Engineer Networked Her Way into Television
by Cameron C. McKay
The lights are up, the cameraman is ready. Only five seconds to check makeup and review notes before going live in front of a major metropolitan audience. While this may not sound like the typical morning of most Duke engineering alumni, for Holly Morris (E ’93), this routine is business as usual.
Morris, who graduated with a degree in civil engineering, is now an Emmy awarding-winning anchor and television reporter for WTTG, the Fox affiliate in Washington, D.C. While this may seem an unlikely career choice for a former Pratt engineering student, whose most memorable undergraduate course was titled “Sludge Management,” Morris is not your typical engineer.
As a student at Duke, Morris participated in Hoof “n” Horn’s musical theater productions, and was a member of the cheerleading squad and student government. Among her fondest memories from her days at Duke are times spent hanging out on the quad with friends and study sessions that lasted well into the night.
But her most thrilling experiences are sure to make any serious Duke basketball fan jealous. In the spring of her sophomore year, Morris and three of her close friends trekked to Indianapolis for the 1991 Final Four. She clearly recalls the Duke-UNLV game as “the most continually exciting 40 minutes of basketball I have ever experienced.” She was there as Duke beat the reigning champions from UNLV and went on to claim their first national championship with a win over Kansas.
Not only was Morris present as NCAA basketball history was made in 1991, she also was fortunate to experience from the sidelines, as member of the cheer squad, Duke’s second national championship run in 1992.
“If the Duke-UNLV game was the most continually exciting 40 minutes of basketball for me, the Duke-Kentucky game afforded me the single biggest burst of excitement I have ever experienced from a sporting event,” Morris says of the game-winning, buzzer-beating shot made by Christian Laettner during the East Regional Final game. “Whenever I see the shot replayed on TV, I get goosebumps and think . . . I was actually there.” Duke later won its second national championship in a less dramatic 71-51 win over Michigan. “None-the-less, another national championship was ours and yes . . . we celebrated,” explains Morris.
Morris attributes much of her professional success to the excellent education she received at Duke. “My professors taught me how to think. They taught me how to take in massive amounts of information and process it,” she remarks. “I loved my structures class taught by Dr. Senol Utku, because he had written the textbook for the course and also divulged that when he was in school, he actually got a C in structures. From that point on, no matter my grade, I always had hope I would eventually master it.”
Throughout her undergraduate years, Morris’ passion for news reporting was blossoming, but “making it” in the news business can be a daunting task. “Thus, my engineering degree afforded me an amazing backup plan, all while teaching me tactics and philosophies that I believed would prove useful no matter the field in which I found myself. I knew I didn’t necessarily want to be a practicing engineer, but I wasn’t against the idea either.”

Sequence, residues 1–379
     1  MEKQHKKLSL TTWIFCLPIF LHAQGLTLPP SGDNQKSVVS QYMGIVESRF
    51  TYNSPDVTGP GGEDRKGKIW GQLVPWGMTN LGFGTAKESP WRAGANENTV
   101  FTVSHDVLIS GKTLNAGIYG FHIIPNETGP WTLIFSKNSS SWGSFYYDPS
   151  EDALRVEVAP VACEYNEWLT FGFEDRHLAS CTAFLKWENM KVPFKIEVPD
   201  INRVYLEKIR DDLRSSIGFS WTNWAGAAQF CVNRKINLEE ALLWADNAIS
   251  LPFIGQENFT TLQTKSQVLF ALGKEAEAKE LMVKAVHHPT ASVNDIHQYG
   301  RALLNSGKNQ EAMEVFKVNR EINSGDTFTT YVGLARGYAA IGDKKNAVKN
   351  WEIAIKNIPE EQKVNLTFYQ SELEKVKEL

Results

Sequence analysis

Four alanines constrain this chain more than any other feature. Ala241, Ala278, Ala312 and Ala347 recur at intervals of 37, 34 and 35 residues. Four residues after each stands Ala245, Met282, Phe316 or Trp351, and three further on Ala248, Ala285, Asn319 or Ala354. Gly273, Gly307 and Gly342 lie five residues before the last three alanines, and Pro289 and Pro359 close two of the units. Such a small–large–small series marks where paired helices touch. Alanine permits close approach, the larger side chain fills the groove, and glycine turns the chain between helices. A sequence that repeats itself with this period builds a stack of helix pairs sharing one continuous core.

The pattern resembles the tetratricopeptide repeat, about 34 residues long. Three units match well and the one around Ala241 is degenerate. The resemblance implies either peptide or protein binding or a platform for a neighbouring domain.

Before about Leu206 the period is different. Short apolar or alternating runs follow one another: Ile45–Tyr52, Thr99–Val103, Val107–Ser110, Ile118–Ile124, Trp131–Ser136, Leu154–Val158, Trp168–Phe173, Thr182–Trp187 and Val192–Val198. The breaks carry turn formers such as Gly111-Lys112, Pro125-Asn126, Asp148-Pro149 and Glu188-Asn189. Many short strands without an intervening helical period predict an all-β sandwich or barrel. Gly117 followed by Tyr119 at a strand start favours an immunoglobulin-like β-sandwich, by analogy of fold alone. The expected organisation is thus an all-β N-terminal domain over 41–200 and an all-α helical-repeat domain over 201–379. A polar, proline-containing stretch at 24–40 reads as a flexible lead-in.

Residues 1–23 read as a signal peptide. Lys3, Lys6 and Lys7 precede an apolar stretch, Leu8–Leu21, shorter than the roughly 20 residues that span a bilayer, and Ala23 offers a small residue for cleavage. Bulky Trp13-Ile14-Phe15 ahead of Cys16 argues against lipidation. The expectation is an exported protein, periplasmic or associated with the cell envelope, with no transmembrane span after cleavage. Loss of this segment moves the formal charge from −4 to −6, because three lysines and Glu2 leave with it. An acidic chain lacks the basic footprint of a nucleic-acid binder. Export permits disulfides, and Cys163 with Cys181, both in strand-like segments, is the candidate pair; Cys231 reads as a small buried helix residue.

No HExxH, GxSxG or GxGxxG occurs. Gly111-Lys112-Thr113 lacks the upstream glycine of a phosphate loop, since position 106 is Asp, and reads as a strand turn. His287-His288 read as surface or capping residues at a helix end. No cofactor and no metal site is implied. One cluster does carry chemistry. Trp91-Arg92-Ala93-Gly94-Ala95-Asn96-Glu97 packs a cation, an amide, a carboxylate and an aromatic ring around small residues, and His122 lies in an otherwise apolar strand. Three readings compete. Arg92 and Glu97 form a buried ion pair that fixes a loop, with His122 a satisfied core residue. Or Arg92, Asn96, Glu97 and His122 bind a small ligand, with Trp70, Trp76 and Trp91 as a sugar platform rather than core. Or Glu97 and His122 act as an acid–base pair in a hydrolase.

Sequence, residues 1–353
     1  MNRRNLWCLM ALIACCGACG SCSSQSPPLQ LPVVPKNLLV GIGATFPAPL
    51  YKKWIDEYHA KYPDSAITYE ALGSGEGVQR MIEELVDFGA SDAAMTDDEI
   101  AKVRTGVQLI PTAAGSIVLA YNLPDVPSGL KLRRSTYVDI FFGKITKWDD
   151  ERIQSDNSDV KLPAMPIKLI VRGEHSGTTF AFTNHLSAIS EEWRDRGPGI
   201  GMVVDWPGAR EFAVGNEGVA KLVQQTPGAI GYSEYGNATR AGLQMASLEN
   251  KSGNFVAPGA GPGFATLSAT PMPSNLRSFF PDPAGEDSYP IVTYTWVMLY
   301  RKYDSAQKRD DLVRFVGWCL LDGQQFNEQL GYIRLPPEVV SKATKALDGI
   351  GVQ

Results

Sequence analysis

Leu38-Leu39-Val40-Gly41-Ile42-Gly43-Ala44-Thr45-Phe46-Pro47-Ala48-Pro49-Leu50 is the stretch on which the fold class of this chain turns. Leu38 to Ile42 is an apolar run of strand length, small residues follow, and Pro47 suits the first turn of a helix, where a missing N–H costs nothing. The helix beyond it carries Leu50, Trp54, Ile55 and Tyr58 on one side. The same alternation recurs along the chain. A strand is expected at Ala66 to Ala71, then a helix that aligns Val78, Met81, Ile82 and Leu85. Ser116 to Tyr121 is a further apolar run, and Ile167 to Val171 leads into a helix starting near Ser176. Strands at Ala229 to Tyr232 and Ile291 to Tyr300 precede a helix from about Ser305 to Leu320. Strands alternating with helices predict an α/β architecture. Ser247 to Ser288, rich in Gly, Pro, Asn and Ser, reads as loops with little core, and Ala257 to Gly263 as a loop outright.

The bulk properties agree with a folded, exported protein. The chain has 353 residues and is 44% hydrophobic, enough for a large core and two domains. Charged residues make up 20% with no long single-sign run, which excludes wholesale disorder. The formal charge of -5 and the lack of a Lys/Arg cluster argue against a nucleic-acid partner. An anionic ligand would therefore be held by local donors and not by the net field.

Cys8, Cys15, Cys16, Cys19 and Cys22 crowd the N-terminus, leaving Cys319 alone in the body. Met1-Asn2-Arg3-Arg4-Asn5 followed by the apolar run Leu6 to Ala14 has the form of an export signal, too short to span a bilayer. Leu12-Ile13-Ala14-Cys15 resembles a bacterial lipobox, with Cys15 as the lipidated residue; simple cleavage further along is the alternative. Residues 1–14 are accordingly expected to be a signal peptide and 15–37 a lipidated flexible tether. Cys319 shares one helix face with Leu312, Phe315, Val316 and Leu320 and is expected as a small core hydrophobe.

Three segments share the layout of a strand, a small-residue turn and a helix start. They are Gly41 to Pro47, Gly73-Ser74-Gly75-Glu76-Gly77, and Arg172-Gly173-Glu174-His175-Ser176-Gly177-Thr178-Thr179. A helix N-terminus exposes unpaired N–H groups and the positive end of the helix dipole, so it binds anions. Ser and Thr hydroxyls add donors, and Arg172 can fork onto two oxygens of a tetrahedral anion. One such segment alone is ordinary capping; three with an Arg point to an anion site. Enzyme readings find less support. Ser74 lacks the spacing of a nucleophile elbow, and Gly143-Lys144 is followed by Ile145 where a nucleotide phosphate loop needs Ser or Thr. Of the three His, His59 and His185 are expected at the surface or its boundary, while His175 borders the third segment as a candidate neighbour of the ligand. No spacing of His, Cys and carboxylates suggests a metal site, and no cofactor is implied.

To explore her growing interest in television reporting, Morris interned during the summer before her junior year at her hometown CBS affiliate in Cincinnati, Ohio – a position she secured by “cold calling” the main anchor at the station who was a Duke alum. The following summer, she landed another internship with CBS, this time in New York, an accomplishment Morris claims was quite unexpected. “I applied and the woman coordinating the internships called and said ‘out of the hundreds of applications we received, I pulled yours because I just have to know why a Duke engineer wants to work at the network.’ Interestingly enough, when I got my first and second reporting jobs out of school, both news directors asked the same thing.”
After graduating from Duke, Morris returned to the CBS affiliate in Cincinnati where she had interned a few years earlier. While there, she worked behind-the-scenes, honing her skills as a writer and researcher, before being hired as a producer and reporter for a small-market television station in Steubenville, Ohio. Following this job, Morris went on to work as a morning anchor in Lexington, Kentucky – where, she notes, basketball fans haven’t quite recovered from the shock of that Laettner upset – and then landed her current job with the Washington Fox affiliate in 1998. Looking back on her career journey, Morris is grateful for the opportunities a Duke education has afforded her. “Being a Duke engineer made me not just another news wannabe, but instead a potential standout!”
Duke connections have also aided Morris outside of her professional life. She served as a first-Year advisory counselor (FAC) while at Duke and one of her mentors, or “FAC-lets,” is now her husband. Additionally, the three friends with whom she traveled to the national championship game in Indianapolis still see each other frequently and, in fact, just recently vacationed together in Mexico to celebrate their fortieth birthdays.
For Duke students and alumni, Morris encourages a “personal approach” such as she used when searching for employment. “Never lose that true-blue connection. Having a Duke diploma is an incredible achievement as well as an amazing privilege. Own it and cherish it all at the same time.”